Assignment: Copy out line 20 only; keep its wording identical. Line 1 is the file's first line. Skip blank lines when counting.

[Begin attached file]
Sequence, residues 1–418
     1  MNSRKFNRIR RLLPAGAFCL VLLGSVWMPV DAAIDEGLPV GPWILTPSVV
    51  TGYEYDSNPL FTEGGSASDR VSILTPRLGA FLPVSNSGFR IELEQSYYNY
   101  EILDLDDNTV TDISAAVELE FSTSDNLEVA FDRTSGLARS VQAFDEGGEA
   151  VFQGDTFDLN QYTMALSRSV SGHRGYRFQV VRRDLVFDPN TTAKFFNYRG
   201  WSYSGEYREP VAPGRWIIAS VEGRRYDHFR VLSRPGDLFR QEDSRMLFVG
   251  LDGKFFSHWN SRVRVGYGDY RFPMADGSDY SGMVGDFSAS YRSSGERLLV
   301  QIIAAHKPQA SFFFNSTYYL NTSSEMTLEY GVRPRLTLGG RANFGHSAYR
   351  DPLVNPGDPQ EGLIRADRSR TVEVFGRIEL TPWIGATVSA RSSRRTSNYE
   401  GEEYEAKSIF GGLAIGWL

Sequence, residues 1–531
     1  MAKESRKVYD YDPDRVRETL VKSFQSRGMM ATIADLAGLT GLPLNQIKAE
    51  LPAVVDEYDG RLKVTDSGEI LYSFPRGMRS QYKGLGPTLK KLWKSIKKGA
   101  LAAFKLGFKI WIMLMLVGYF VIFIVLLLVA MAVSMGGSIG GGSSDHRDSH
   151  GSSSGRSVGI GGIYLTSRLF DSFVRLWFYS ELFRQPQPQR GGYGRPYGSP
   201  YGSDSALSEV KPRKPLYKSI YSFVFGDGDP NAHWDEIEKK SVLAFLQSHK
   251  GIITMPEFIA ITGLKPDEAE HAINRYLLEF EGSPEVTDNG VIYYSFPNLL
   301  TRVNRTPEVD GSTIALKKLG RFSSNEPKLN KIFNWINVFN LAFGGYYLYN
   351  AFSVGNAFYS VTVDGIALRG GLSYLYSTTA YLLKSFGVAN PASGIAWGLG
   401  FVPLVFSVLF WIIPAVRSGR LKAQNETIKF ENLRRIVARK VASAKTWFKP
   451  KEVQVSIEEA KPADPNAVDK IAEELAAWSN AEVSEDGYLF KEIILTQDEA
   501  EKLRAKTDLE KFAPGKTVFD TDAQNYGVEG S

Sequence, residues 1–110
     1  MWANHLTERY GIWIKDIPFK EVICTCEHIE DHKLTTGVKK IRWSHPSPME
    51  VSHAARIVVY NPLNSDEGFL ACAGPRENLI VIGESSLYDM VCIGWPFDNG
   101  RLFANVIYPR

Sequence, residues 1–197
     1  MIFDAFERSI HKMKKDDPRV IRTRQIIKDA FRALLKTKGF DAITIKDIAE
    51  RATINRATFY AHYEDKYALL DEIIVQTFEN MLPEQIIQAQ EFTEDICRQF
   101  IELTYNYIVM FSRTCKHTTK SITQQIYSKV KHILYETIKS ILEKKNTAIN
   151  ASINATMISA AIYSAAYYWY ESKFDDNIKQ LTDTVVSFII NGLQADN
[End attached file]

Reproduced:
   401  FVPLVFSVLF WIIPAVRSGR LKAQNETIKF ENLRRIVARK VASAKTWFKP